By that violates the Geneva conventions / Friday 5 August 2016 09:33 / United States
Add a comment
You must be logged in to be able to post comments!
Create my account Sign in
Top comments

Just go to common sense media. It'll tell you all the negative and positive influences in the book regarding role-models, sex, drugs, alcohol, language, etc. including excerpts that include these bits.


Not to mention the references to rape, a man and his father figure wanting to drug a woman and force abortion on her, controlling abusive relationships, racism, religion, and being overall poor in quality.


Depends how old she is. I think for ages 14 up they are fine. But there is the part where Jacob kisses Bella against her will to show her they are meant to be together and she just doesn't know it. She punches him, hurts herself and her dad high fives him when he tells him why she hurt her arm. Then she realises Jacob was 'right' and that she didn't realise her feelings until he kissed her. But that now Edward came she loves him more. Jacob also uses a lot of emotional blackmail on her - making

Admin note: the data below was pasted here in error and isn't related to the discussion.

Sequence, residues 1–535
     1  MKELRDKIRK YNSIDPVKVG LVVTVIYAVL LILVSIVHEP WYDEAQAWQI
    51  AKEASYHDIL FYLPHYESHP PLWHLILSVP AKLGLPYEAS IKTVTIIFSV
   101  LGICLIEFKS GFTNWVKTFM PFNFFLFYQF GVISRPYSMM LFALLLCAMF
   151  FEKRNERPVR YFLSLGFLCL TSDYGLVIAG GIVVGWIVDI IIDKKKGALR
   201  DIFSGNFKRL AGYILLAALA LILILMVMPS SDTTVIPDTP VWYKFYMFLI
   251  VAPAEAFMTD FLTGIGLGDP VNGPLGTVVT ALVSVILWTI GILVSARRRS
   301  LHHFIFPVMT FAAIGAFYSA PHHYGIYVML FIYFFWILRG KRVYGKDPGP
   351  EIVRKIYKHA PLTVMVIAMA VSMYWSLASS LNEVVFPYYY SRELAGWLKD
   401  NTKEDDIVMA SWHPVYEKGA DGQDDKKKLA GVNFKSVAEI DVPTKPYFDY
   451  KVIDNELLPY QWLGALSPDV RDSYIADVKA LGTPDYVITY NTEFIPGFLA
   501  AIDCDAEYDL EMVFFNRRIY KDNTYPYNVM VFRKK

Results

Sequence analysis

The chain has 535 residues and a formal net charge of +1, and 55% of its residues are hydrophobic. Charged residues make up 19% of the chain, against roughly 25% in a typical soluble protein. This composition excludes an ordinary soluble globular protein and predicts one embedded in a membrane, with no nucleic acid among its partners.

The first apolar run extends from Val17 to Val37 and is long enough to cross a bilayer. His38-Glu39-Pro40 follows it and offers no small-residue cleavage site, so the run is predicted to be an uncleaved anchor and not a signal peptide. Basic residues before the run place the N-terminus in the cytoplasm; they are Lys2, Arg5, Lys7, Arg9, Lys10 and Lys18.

By  9a_z1

It depends on how sensible his daughter is! If I had a daughter and she wanted to read it I'd use it as a teaching opportunity to talk about healthy relationships. When I was growing up I was a virulent reader and appreciated my parents not limiting me but encouraging me to challenge what I read instead. Basically your boss is missing out.

I'll save you the trouble: Edward's a creep, the portrayal of the Native American characters is vaguely racist (or, in the words of a friend of mine who is Native American, "absolute shit"), and the writing is terrible.

Loading data…